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INEC faults claim it failed to register seven million voters

By Oludare Richards (Kano) and Sodiq Omolaoye (Abuja)
20 September 2022   |   4:06 am
The Independent National Electoral Commission has described as misleading, the claim that it denied over seven million Nigerians the opportunity to complete their online pre-registration during the Continuous Voter Registration (CVR).

Festus Okoye

• Gets HODs trained by UNDP on election mgt, monitoring
The Independent National Electoral Commission has described as misleading, the claim that it denied over seven million Nigerians the opportunity to complete their online pre-registration during the Continuous Voter Registration (CVR).

The electoral umpire noted that most of the affected citizens failed to either complete the online enrolment or appear physically at the designated centres to complete the process.

Twenty-four Nigerians had dragged the commission before an Abuja Federal High Court for “failing to give them and other seven million Nigerians adequate time and opportunity to complete their voter registration after they have carried out their registration online.”

The claimants are seeking an order of mandamus to direct INEC to provide adequate facilities and deploy personnel to their registration units.

But the National Commissioner in charge of voter education, Festus Okoye, in a statement, yesterday, insisted Nigerians were given enough time to complete their registrations, noting that the deployment of technologies was to ease the entire exercise.

Okoye said: “The attention of the Commission has been drawn to media reports that some seven million Nigerians, who applied for online pre-registration as voters during the last nationwide CVR, were denied the opportunity to complete their registration and consequently the collection of their Permanent Voter Cards (PVCs). This claim is misleading.

“To set the record straight, Nigerians may recall that on June 28, 2021, the Commission introduced the online pre-registration of voters. By doing so, citizens were given opportunity to commence the registration online and then book for an appointment at their convenience to complete the physical biometric capture at designated centres. It was a novel idea leveraging technology to ease the registration process. This was in addition to the walk-in option at physical centres, where Nigerians can commence and complete their registration simultaneously without going through the online pre-registration procedure.”

“In the interest of transparency, the Commission provided weekly statistical updates on the exercise.

“For the online pre-registration, a total 10,487,972 commenced the process.” However, by the deadline of the exercise, 3,444,378 Nigerians completed their pre-registration physically at the designated centres in line with the Commission’s policy. Some 7,043,594 applicants did not complete the registration. Again, the Commission made the information public. This is what some people are now using to say that they were denied the opportunity when in reality, they failed to either complete the online enrolment or appear physically at the designated centres to complete the process.”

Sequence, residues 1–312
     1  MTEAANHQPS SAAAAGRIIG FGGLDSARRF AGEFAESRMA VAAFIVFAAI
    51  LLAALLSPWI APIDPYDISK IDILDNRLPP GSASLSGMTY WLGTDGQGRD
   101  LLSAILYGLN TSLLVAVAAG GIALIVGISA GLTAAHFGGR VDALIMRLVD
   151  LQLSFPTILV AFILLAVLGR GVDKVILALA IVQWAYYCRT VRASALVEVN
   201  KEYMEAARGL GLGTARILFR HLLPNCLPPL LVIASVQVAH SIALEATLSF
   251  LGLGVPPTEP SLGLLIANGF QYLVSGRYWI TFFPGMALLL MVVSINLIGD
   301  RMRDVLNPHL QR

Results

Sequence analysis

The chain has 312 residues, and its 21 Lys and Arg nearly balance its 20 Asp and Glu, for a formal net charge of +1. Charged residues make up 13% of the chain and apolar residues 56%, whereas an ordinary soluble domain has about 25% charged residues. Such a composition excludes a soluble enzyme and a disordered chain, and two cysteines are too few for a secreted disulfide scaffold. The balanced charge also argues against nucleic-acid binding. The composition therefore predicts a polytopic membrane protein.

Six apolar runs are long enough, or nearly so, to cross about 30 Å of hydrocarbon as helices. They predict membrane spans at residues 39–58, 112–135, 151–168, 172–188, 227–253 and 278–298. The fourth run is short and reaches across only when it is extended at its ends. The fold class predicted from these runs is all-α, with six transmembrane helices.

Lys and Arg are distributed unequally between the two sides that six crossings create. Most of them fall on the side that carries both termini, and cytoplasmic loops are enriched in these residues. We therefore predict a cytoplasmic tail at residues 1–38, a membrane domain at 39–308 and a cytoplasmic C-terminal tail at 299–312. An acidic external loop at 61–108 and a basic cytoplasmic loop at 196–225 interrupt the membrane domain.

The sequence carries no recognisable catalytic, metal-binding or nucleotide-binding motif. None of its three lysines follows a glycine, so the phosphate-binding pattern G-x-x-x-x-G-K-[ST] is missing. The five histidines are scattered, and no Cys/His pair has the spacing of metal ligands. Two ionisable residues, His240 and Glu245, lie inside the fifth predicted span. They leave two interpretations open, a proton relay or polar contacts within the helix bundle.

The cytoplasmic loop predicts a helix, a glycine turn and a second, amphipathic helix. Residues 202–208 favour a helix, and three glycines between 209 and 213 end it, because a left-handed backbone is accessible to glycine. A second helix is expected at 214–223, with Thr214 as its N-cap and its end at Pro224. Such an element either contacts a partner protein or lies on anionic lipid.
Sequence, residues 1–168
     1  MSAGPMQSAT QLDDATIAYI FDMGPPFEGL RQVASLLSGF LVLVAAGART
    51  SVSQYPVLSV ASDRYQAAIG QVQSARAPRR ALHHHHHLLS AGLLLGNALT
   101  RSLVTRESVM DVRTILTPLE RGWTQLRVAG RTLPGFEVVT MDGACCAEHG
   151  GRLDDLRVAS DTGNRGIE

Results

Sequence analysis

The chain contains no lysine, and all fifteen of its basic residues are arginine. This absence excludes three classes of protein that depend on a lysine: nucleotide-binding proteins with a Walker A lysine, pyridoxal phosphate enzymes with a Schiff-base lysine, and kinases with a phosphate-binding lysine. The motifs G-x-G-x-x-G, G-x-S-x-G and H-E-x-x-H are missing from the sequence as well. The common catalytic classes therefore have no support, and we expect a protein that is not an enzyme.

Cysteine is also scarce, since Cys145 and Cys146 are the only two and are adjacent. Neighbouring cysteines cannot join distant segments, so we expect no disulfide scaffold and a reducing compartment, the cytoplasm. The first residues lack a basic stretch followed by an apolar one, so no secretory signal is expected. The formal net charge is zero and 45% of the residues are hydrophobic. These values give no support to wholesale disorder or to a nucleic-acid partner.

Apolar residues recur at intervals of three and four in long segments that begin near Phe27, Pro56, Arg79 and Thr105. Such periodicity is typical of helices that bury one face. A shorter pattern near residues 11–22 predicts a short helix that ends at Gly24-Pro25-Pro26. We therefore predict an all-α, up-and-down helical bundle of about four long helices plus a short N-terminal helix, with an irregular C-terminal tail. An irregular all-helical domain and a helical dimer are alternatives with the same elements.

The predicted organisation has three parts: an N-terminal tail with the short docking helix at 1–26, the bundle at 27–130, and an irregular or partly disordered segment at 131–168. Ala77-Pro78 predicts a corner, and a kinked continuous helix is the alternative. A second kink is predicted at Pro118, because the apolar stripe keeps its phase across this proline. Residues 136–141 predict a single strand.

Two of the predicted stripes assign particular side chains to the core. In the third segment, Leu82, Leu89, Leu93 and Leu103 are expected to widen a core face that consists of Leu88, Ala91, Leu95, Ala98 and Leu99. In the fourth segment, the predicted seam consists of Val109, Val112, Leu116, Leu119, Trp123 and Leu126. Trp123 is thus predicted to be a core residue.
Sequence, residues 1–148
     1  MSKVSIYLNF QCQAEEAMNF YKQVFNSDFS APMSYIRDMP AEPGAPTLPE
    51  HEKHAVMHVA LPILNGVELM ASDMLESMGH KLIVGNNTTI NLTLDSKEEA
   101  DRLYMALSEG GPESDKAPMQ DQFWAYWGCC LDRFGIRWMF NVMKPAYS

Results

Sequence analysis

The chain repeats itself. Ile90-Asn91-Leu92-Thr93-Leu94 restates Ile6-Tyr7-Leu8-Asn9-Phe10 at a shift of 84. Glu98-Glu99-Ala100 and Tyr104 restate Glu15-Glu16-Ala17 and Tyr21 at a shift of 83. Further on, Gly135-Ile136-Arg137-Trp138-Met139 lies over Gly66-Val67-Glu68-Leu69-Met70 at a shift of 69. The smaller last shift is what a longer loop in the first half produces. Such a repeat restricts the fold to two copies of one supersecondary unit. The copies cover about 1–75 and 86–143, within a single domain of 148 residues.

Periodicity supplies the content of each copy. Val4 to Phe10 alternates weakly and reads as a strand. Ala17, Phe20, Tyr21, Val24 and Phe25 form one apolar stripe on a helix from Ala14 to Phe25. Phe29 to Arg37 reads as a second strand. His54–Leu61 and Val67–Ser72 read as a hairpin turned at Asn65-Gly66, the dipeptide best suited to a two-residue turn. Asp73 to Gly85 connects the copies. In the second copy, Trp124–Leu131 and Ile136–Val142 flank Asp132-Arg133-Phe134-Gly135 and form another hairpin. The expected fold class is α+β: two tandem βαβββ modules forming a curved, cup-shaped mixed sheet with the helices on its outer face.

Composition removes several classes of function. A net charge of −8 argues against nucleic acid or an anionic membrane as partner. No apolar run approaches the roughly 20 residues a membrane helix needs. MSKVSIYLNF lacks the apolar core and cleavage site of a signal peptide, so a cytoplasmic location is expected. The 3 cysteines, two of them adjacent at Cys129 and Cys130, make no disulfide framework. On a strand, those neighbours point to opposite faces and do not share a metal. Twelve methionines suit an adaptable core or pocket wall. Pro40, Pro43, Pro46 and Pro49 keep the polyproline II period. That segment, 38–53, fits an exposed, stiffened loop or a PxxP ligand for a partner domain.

He observed that out of the 7,043,594 incomplete online pre-registrations, 4,161,775 citizens attempted but either did not complete online pre-registration or abandoned it and went for the physical registration instead.

Okoye added that 2,881,819 registrants completed the online pre-registration but did not show up to complete the physical biometric capture at designated centres before the deadline.

BESIDES, Heads of Department (HODs) in INEC have participated in a capacity building workshop on election management and monitoring ahead of the 2023 general elections.

The two-day event, organised by the United Nations Development Programme (UNDP) and which opened in Kano State, centered on improvement of the Election Monitoring and Support Centre (EMSC) and review of the Election Management System (EMS).

UNDP Chief Technical Adviser for Elections, Deryck Fritz, harped on improving the EMSC for efficient planning and organisation, consistency and responsiveness with a view to minimising delays and building confidence of key political actors in the electoral process.

He spoke at the event with the theme: “Review of indicators and capacity building on Election Monitoring and Support Center (EMSC) Report Validation.”

He said INEC, as an entity entrusted with organising elections, cannot afford to be partial.

“The EMSC also assists with countering disinformation and building trust and credibility in the overall process. It is for this reason that UNDP has partnered with INEC, to support this series of workshops around the country.

“In line with SDG 16 on Peace, Justice and Strong Institutions, UNDP continues to support inclusive, transparent and credible electoral processes for peaceful and cohesive societies,” Fritz added.

The National Commissioner in charge of Planning Committee, Prof. Rhoda Gumus, said the capacity building initiative was timely, considering its focus on review of EMSC indicators and building on the capacity of HODs on EMSC report validation.

Gumus said the commission started implementation of the 2022-2026 strategic project plan, 2022 Electoral Act (as amended) and timelines of electoral activities for the 2023 general elections.

She explained that the EMSC has played a very important role in the off-cycle elections, engaging on prompt and proper reporting and validation.

Gumus expressed confidence that the training would provide the HODs a better understanding to perform their duties, as the commission enters the phase of preparation for the upcoming polls.

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